foreshadowed

we got high on my couch while a waning moon watched from the balcony. I sat on your lap with my skirt open and recited all the poems I had written while you were gone. while I had pushed you away like unwanted advances, requests for change, petitions from street vendors. you laughed like a organ, deep and sad even when it's meant for praise, and when you slipped into me I crawled inside your chest like a cat in a window or a tiger in the ring. all claws and sharp teeth to the crowd outside the tent. to everyone but the ringleader. the guy with the fire.
the second poem said make love to the ones you thought were for you.
I wrote it in the past tense and I think it was a hex. I accidentally put it on the big cat, the one with the long mane. the one who never listened to commands and would end up getting burned.

Letter to a Palestinian Poet

I lie my head upon your belly and listen to the sounds of war. Babies are crying, fathers wailing. This flesh is a map and I follow it through generations. Across back brushed valleys. Graffitied streetways. Lemons litter courtyards where they fall from pregnant trees. Lemons fall like infants from their mothers wombs at checkpoints. Behind a picket fence of ribs your horse hoof heart beats faster faster. Great swirls of dust rise from the stomping of hooves, heels, boots. They crucified your father Mahmoud on the back of a prickly pear tree. They held you for seventy two hours at Allenby while your brothers rot in 1391 prisons that do not exist.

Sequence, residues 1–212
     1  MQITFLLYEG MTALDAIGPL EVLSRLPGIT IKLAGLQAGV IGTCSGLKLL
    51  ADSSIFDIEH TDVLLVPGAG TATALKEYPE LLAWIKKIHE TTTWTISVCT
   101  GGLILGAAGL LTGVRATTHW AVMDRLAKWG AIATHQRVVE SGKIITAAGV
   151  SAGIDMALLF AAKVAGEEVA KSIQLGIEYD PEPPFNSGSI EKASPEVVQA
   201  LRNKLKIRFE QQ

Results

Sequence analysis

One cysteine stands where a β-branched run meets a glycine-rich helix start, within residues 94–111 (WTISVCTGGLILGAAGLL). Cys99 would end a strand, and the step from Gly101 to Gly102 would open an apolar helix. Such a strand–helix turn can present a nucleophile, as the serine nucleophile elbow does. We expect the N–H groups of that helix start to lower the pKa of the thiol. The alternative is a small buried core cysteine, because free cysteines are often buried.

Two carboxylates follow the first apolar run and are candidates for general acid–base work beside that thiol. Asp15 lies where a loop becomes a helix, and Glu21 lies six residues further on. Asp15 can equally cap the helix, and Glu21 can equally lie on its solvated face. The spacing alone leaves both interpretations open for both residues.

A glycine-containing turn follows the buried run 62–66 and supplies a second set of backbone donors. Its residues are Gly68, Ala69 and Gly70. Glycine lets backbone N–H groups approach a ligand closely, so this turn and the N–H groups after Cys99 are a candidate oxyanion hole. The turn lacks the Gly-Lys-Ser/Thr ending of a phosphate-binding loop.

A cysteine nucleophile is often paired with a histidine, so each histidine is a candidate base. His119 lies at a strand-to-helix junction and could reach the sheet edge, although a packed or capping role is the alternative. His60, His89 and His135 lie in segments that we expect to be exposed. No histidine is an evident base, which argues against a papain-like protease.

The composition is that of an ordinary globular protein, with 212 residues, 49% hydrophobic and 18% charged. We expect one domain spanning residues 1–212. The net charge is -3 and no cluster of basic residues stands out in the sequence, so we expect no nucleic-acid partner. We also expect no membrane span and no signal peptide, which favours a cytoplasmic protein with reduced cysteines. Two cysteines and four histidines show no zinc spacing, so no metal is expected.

And here in Washington, tucked in by the beltway, you shake and sweat through the dream of a promised forever. Here in Washington we still refuse to let you die like other people. My own brother who harvests figs and will fall down in his field at eighty three. My own father in his own Jeep he will turn too hard to the left on some back road. Lay still, love, on cotton sheets and do not wonder why it is you cannot sleep.

audible.

I search for my voice among old papers, eraserless pencils, bobby pins, shark's teeth, pennies, business cards from failed first dates, receipts for lattes, receipts for vodkas. My voice is over rocks and underwater.

Smooth like a shell and pink pink, plucked from the beach on a Sunday then tossed into the back of a drawer, I pull it out. It takes a liquid shape and moves easily over me. My voice is a man at two am.

Husky and full of prose. Honeyed gravel.  On my knees I wait for him, seductively wet and soft as a lamb. And he comes for me like the Lord for all first born sons.

My voice is a door that is marked but unlocked.

audible.

I search for my voice among old papers, eraserless pencils, bobby pins, shark's teeth, pennies, business cards from failed first dates, receipts for lattes, receipts for vodkas. My voice is over rocks and underwater.

Smooth like a shell and pink pink, plucked from the beach on a Sunday then tossed into the back of a drawer, I pull it out. It takes a liquid shape and moves easily over me. My voice is a man at two am.